Beyond migraines, the ketogenic diet has been commonly considered beneficial to address many health issues, including weight and glucose control, with few adverse effects, good adherence and tolerance to it in older adults.
“The ketogenic diet and the actions of ketone bodies are considered beneficial in several aspects of health, including migraine prevention, but studies on the ketogenic diet in migraines are not standardized and poorly evidenced,” wrote researchers from the Polish Mother’s Memorial Hospital—Research Institute and the Medical University of Lodz. “Apart from papers claiming beneficial effects of the ketogenic diet in migraines, several studies have reported that increased levels of ketone bodies may be associated with all-cause and incident heart failure mortality in older adults and are supported by research on mice showing that the ketogenic diets and diet supplementation with a human ketone body precursor may cause life span shortening.”
They added: “Despite reports showing a beneficial effect of the ketogenic diet in migraines, such a diet requires further studies, including clinical trials, to verify whether it should be recommended in older adults with migraines.”
A ketogenic diet is essentially a high intake of fat, moderate protein intake and low intake of carbohydrates, consisting of 70–80% fats, 15–20% proteins and 5–10% carbohydrates.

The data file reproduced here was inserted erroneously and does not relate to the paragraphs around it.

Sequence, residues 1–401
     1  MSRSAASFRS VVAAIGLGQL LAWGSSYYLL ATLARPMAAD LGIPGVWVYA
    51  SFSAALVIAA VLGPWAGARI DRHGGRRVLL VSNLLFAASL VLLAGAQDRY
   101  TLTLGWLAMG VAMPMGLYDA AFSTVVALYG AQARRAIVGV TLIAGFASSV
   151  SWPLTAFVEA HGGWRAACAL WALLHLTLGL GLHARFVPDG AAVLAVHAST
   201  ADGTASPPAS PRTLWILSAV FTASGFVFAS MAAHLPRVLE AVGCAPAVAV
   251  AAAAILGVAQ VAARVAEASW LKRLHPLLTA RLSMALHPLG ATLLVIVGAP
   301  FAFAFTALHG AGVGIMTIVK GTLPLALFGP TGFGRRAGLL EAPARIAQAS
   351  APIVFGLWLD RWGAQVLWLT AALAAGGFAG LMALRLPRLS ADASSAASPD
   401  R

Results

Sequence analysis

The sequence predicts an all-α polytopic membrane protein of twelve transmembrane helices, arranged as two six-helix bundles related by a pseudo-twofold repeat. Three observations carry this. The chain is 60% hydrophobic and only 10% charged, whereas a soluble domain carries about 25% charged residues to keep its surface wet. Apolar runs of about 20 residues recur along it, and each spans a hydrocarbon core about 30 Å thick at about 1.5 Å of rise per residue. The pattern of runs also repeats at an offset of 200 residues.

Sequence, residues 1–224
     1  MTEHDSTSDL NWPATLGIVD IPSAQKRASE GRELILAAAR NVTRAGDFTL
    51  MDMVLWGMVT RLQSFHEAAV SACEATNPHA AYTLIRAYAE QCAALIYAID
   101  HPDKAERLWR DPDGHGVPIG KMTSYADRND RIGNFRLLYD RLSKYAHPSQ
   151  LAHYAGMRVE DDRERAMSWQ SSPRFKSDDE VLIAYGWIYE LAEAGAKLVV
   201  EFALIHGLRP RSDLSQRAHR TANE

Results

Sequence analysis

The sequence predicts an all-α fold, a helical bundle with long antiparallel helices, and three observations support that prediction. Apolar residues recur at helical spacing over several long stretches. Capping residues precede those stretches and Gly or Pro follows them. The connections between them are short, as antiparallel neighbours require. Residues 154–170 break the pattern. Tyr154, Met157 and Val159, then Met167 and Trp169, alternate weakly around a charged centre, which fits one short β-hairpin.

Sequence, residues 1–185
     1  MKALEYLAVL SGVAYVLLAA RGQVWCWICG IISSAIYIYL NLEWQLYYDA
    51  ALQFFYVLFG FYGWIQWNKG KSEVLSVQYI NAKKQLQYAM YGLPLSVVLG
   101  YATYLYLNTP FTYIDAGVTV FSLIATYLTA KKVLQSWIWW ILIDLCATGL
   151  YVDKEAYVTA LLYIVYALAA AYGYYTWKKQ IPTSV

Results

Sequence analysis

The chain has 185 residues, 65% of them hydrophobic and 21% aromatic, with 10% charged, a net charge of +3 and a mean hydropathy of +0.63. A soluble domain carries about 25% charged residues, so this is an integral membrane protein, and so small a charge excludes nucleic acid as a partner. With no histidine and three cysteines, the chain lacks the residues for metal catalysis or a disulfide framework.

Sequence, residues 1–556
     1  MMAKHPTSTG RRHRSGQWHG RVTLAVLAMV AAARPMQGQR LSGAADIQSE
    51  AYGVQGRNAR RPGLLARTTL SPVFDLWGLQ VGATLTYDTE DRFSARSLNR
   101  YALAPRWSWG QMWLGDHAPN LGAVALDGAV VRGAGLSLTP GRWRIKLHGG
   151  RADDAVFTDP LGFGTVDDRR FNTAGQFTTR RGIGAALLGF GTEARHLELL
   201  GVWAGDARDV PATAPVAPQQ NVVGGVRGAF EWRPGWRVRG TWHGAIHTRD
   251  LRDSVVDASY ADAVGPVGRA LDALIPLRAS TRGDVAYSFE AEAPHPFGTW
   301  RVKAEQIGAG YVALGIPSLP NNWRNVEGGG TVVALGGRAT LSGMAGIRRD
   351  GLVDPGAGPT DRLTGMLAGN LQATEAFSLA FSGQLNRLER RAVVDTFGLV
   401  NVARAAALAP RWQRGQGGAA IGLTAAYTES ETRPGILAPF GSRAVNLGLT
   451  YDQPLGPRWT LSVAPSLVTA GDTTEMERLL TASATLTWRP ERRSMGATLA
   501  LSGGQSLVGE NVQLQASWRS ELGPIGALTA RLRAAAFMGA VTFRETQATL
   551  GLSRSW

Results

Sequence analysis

“The limitation in carbohydrate intake may result in decreased insulin secretion, a transition into a catabolic state and the induction of gluconeogenesis and ketogenesis,” the researchers noted. “However, if the internal production of glucose is not sufficient to provide the necessary amount of ATP, the metabolic pathway switches to ketogenesis, which produces ketone bodies to replace glucose as the main supply of energy… in the context of migraines, it is important that ketone bodies can penetrate the blood–brain barrier to provide energy to the brain, whose deficit is typical for migraines.”
Additionally, a ketogenic dietary intervention can ameliorate vascular health, which may play a role in the beneficial effect of a ketogenic diet on migraines.
Despite these attributes, the researchers revealed that in one study an increased all-cause mortality was associated with a rise in fatty liver index, a proxy for non-alcoholic fatty liver disease. This increase was partly mediated by circulating ketone bodies.
“A recent study reported a dose–response relationship of a 50% increase in all-cause mortality between the lowest and highest quintiles of ketone body concentrations in White and Black Americans,” the researchers wrote. “Moreover, the levels of ketone bodies were associated with incident heart failure and higher all-cause mortality. These associations suggest a potential detrimental effect of ketone body metabolism in aging.”
The ketogenic diet is likely the only diet that is recommended for migraines. Yet, studies performed so far are not standardized to allow a comparison between different outcomes.
“Many of these studies are criticized due to their weak evidence, problems with the control group, small sample size and risk bias,” the researchers asserted. “Moreover, there are neither clinical trials nor case-control studies presenting research on the ketogenic diet in an older population. Therefore, currently, there is not enough evidence to recommend the ketogenic diet in the elderly suffering from migraines.”
The ketogenic diet as a dietary intervention should be controlled both quantitively and qualitatively, as it may lead to an uncontrolled rise in ketone bodies, they added.
2023, 15(23), 4998; doi: 10.3390/nu15234998
“The Ketogenic Diet in the Prevention of Migraines in the Elderly”
Authors: Michal Fila et al.